Council also approves expansion of an online pilot program enabling low-income litigants to request reductions in traffic infraction fines and fees remotely
Recent report details the increased access to interpreters in civil cases and the additional language services provided for court users inside and outside of the courtroom.
The Judicial Council’s task force on language access will hold a public meeting on April 24 in Sacramento to listen to community members and report on efforts to increase language access to the courts for limited English proficient (LEP) court users.
California Chief Justice Tani G. Cantil-Sakauye says threat of mass arrests "could have a profound effect on access to justice in our state."
Self-represented litigants who seek help with appealing their case now have access to a new online resource center.
At its May 17 business meeting, the council will receive a report on how the state’s trial courts are using new branch funding provided in the 2018 state budget to increase access and improve court efficiency for the public.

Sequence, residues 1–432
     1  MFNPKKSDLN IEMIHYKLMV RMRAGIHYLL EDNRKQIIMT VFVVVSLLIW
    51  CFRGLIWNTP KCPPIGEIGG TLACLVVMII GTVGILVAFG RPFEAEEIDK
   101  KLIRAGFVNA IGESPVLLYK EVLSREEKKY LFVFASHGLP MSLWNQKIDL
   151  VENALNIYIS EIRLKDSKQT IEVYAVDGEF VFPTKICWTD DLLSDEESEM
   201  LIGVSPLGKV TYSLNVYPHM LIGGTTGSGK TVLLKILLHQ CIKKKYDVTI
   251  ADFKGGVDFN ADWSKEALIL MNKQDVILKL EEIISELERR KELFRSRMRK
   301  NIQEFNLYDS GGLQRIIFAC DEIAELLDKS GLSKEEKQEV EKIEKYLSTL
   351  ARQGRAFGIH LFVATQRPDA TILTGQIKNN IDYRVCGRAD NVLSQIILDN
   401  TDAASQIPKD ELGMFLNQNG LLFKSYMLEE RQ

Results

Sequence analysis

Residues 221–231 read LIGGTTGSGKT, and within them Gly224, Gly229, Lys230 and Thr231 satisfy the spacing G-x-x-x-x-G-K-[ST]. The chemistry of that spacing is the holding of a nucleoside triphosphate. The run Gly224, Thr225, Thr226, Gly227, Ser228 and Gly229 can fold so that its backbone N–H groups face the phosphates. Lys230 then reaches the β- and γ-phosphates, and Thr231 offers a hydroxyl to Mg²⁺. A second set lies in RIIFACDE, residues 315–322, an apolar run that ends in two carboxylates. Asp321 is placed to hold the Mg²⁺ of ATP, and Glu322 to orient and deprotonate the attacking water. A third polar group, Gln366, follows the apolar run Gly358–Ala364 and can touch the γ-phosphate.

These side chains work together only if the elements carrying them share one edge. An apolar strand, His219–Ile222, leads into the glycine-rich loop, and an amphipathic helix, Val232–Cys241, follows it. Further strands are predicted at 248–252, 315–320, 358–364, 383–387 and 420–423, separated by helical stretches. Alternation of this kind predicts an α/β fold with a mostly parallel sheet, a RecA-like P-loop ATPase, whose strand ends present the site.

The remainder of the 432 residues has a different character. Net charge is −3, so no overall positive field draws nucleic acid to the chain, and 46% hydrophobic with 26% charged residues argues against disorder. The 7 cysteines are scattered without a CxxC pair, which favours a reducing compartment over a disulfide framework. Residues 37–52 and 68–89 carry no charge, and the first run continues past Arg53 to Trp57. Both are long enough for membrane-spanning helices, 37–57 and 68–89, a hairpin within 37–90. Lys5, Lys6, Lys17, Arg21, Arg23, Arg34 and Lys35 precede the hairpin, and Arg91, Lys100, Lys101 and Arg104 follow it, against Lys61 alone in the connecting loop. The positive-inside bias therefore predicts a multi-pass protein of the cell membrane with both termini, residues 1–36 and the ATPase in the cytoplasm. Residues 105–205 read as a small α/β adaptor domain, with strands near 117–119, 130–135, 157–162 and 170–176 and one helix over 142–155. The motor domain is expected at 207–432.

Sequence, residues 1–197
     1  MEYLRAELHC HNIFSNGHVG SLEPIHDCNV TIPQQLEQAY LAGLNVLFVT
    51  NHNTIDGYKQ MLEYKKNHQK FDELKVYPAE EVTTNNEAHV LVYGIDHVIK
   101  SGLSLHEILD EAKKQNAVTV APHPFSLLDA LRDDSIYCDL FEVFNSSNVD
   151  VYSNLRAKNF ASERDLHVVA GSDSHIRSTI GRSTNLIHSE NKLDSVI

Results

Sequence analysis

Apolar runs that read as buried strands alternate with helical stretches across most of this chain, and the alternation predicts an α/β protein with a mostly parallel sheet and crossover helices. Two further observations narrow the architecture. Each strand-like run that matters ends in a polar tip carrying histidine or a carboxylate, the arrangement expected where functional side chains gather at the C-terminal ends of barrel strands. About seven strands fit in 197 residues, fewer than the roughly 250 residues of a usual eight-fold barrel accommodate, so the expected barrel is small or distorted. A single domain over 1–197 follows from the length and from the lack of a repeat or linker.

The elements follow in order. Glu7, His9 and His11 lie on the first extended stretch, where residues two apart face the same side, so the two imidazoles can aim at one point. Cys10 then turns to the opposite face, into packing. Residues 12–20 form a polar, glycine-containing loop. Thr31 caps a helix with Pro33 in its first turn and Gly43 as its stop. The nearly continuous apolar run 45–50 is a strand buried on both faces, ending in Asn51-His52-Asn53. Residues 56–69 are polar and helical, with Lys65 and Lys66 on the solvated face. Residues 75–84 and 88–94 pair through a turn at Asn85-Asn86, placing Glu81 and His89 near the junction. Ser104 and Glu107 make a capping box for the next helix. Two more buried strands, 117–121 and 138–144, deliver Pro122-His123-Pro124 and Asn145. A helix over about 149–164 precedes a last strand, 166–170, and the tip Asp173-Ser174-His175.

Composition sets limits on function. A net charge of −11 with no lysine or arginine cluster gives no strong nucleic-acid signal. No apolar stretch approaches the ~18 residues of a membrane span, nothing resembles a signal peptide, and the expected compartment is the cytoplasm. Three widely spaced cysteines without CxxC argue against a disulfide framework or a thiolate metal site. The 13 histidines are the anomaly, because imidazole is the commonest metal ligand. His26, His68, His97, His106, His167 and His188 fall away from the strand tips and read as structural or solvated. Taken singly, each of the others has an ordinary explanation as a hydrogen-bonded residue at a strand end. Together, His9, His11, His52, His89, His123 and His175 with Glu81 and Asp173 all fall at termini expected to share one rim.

A statement from California Chief Justice Tani G. Cantil-Sakauye on the revised budget proposal for the judicial branch.
Chief Justice says civil rights work remains unfinished; current challenges of income inequality, pretrial reform, and equal access require innovation and a human touch from a more representative judiciary.
At its March 15 business meeting, the Judicial Council approved recommendations for updating guidelines for video remote interpreting (VRI) and voted to have its staff coordinate a new VRI program for the judicial branch.
The Judicial Council at its January 14–15 business meeting heard from Supreme Court Justice Mariano-Florentino Cuéllar on how California courts have increased access for court users with limited English skills.
Multilingual videos on Section 8 Tenant Rights were recently added to the California Courts Online Self-Help Center in Spanish, Mandarin, Cantonese, Vietnamese, and Korean.
A pilot program that funds free legal services for low-income Californians facing critical civil cases drastically increased the likelihood of settlement, improved the longevity of court orders, and reduced court costs, a new study shows.